How Electronic Dance Music Is Changing Contemporary Culture

Electric Daisy Carnival. Ultra. Electric Zoo. These are among the many music festivals where you'll find Millennials as electronic dance music (EDM) has risen in popularity in recent years, sparked by Gen Y's desire to experience events "IRL" (in real life). This genre has exploded lately; in fact, the VMAs added the Best Electronic Dance Music Video category this year and college students are blasting these sounds all over campus. EDM represents a very Millennial mindset of mixing sounds and not being limited to one genre. In many ways, it's changing the culture of music today as YAB member Matt explains.

How Electronic Dance Music Is Changing Contemporary Culture

EDMIt’s been said that Electronic Dance Music (EDM) is taking over the music world.

From Nicki Minaj’s “Starships” to Justin Bieber’s “As Long As You Love Me,” pop music has adopted a different sound thanks to EDM’s rise in popularity among Millennials, particularly college students.

Catchy synthesizers and heavy bass lines have become the trademark sound for the new generation of listeners who look to music for an uplifting shot in the arm. Mix a Calvin Harris or David Guetta beat with pop music’s trademark synthesized vocals and you have an instant radio hit.

Even vocal verses are no longer a necessity for pop listeners, as evidenced by the popularity of Avicii’s “Levels,” which dominated radio airwaves no less than a year ago.

Since Gen Y has unquestionably attached itself to EDM and claimed the genre as its own, it’s easy to forget just how far EDM has come from the days before it dominated Billboard charts. Now merged with the familiar sounds of pop radio, EDM has deviated far from its roots as a genre with an underground cult following in Europe.

An encompassing acronym that includes aspects of house,…

 
 
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Quote of the Day: “In the future, I'd like to pay off my student loans and not starve or get evicted. A stable job would be nice.” –Male, 26, PA

With any large-scale marketing campaign, especially those that encourage consumer participation, brands must prepare for their message to be hijacked. Coke’s #ShareaCoke promotion has gotten the royal hack treatment from Millennials online who are making fun of the names found listed on the bottles (or those that are left out) and filling in their own to create new comic pairings that relate to other memes. (Adweek)

Not all viral sensations make sense at first. Take relatively unknown British teen Tish and the Vine she posted recently. In it, Tish sits in her mom’s car pretending to drive, says “broom broom,” and cuts to her mom’s high pitched voice saying, “Get out me car!” Sounds simple and not all that overwhelming, but since it was posted, the Vine has gone viral, been remixed by fans, and has earned its own #TeamTish hashtag. Tish’s viral potential could be due her monotone voice, silly catch phrase, or quirky mom, but either way, her videos have given teens online someone to root for. (BuzzFeed)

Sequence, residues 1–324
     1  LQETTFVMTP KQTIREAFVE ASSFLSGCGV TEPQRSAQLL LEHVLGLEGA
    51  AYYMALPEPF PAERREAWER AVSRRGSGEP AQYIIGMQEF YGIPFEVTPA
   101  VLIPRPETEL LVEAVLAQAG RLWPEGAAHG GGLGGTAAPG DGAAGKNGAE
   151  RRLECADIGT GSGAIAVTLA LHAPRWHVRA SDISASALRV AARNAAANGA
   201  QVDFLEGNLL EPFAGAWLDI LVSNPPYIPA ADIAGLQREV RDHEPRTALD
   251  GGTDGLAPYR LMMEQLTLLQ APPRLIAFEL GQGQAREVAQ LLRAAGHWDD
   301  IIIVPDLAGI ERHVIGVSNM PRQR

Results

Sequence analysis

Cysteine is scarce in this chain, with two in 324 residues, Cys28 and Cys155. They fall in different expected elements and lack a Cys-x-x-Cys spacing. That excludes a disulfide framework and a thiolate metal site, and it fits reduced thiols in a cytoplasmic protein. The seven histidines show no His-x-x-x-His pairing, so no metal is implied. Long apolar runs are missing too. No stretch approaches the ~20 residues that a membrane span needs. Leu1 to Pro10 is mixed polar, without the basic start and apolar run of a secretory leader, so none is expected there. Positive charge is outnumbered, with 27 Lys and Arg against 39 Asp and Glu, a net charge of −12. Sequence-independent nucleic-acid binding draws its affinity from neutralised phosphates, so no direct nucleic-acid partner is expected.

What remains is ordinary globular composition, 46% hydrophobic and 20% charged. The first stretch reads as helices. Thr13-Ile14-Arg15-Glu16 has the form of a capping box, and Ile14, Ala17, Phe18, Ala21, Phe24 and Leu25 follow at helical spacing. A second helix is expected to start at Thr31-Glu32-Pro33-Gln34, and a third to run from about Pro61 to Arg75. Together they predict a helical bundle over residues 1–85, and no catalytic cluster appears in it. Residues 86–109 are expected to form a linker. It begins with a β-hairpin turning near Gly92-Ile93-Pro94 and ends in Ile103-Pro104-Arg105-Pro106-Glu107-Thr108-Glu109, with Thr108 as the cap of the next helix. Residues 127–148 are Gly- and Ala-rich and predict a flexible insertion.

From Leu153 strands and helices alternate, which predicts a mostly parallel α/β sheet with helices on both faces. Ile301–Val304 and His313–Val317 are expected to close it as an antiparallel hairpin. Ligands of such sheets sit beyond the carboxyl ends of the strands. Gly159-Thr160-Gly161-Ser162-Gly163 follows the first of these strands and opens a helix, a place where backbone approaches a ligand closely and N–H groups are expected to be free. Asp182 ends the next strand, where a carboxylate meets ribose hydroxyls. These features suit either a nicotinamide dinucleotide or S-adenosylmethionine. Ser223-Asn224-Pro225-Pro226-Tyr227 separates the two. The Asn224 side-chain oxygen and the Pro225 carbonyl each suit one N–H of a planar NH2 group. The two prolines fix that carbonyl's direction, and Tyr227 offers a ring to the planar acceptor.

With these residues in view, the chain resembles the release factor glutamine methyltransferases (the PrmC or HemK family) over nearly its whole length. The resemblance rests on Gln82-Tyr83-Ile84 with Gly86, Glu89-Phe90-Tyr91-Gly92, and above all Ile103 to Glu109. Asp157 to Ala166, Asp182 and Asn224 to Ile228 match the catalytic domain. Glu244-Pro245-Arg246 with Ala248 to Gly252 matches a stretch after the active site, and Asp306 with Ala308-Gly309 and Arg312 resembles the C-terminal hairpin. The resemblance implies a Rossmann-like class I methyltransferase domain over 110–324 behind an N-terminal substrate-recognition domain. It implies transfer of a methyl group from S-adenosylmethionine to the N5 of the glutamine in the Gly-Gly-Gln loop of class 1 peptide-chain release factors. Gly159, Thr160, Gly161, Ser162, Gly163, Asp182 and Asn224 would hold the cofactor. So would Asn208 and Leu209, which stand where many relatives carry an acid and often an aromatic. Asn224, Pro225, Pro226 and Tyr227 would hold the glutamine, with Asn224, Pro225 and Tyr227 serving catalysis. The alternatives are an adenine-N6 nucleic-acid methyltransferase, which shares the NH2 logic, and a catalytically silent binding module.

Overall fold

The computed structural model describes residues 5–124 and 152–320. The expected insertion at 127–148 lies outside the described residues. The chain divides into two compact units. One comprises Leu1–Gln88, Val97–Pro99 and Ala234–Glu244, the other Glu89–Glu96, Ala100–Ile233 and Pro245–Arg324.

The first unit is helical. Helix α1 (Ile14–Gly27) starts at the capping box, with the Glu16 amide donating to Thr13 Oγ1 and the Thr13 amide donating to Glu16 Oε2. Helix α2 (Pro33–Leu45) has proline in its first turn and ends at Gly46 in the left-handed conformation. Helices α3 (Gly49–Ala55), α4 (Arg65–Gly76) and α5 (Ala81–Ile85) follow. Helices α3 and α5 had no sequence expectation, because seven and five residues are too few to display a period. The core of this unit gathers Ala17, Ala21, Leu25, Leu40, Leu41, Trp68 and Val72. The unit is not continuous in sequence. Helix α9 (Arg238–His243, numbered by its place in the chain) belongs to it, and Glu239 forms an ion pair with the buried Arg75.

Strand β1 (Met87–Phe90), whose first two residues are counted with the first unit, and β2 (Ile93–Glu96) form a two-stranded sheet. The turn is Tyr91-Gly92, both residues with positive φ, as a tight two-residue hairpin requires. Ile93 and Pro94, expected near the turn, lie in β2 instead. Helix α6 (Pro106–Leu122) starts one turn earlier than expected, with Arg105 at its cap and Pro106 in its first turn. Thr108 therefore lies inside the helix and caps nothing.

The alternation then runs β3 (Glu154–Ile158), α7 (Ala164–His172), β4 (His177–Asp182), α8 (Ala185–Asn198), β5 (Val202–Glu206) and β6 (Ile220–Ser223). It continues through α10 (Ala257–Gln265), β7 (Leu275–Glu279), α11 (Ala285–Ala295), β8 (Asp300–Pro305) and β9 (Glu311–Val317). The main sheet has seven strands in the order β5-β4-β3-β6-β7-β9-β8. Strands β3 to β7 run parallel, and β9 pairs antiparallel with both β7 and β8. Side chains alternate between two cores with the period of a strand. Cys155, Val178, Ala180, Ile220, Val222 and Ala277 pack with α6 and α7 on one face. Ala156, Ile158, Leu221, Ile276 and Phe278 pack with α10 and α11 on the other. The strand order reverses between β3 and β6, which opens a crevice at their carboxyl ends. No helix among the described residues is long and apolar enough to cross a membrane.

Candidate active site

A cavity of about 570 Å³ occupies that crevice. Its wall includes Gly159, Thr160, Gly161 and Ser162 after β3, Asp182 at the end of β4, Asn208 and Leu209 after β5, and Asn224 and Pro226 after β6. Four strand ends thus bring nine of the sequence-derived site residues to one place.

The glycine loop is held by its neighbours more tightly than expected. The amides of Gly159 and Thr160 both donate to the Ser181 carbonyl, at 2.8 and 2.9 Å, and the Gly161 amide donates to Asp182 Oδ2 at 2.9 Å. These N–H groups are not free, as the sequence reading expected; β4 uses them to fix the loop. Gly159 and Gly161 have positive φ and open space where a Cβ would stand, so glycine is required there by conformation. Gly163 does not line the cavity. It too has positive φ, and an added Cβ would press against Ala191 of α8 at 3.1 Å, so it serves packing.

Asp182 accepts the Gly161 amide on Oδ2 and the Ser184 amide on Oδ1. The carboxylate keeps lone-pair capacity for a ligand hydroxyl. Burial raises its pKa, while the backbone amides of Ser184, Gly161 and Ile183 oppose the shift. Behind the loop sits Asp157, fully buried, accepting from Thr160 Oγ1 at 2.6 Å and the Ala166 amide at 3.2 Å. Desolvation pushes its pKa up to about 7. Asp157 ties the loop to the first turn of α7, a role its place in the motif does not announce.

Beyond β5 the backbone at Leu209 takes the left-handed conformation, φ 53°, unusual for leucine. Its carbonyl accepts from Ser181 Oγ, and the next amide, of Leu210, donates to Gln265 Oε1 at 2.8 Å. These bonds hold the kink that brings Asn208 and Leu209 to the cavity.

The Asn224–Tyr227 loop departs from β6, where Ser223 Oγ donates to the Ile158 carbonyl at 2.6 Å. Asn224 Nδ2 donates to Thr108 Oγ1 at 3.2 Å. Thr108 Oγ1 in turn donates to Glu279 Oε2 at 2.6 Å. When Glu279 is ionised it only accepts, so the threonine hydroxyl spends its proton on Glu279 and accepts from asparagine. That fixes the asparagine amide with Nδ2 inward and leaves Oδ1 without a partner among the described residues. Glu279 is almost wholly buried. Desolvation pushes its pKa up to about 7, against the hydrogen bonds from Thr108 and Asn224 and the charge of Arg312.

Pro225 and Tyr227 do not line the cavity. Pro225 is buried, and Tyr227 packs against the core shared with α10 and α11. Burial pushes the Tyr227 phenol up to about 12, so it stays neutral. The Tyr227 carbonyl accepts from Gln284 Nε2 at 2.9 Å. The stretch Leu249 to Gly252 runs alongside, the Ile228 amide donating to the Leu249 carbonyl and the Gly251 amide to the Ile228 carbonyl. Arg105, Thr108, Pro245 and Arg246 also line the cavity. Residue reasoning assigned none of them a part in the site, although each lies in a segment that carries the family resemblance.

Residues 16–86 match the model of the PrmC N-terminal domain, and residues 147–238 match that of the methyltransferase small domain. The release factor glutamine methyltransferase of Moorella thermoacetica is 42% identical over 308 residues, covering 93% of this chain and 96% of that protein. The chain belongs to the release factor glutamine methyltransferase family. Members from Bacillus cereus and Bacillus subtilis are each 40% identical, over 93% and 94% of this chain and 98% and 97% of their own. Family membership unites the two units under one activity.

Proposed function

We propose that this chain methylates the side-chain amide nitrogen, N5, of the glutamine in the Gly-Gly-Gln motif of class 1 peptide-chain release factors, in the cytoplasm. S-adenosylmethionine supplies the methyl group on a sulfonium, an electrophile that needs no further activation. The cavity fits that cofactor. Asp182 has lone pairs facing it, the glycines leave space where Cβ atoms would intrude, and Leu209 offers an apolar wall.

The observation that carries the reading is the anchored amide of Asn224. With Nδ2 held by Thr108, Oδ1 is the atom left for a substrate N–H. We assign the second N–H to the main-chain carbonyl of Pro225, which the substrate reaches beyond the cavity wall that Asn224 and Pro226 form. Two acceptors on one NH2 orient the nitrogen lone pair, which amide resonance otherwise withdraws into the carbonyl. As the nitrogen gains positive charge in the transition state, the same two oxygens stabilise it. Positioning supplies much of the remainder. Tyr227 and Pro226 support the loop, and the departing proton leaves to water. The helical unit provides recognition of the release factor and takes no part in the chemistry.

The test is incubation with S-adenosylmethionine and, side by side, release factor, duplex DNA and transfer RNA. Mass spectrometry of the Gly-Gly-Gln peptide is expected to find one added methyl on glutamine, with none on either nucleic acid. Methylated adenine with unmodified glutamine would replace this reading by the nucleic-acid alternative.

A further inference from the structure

Live-stream gaming service Twitch has grown from 3.2 million users to 50 million users in three years time and its earnings potential has caught the eye of Google, who plans to purchase Twitch and integrate it into YouTube. Watching how others play and strategize “is like catnip” for serious gamers and Twitch makes it easy for gamers to live-stream what they’re playing for audiences to watch, regardless of what console they’re using. (MediaPost)

You may not be the biggest fan of “listicle” editorials pieces, but BuzzFeed, whose traffic is 50% on mobile and 75% referred from social media, makes a strong case for why lists and other themes are important in brand writing for Millennials. Branded quizzes on BuzzFeed have a 96% completion rate, and both lists and quizzes signal to busy readers that there is “finiteness to what they’re getting.” They are also discovering something new about themselves through quizzes, feeding into their Numbers Game desire to use data for self-discovery. (The Drum)

100 fans will earn a seat at The Giver premier in close proximity to the movie’s biggest stars, but this competition isn’t about luck. The Giver Movie Premiere for Good contest is using online activism as its backbone, asking fans to launch fundraising campaigns on Crowdrise and raise money in order to secure their spot. So far around $6,000 has been raised from the more than 400 campaigns with the money going to charities benefitting the arts. (Mashable)

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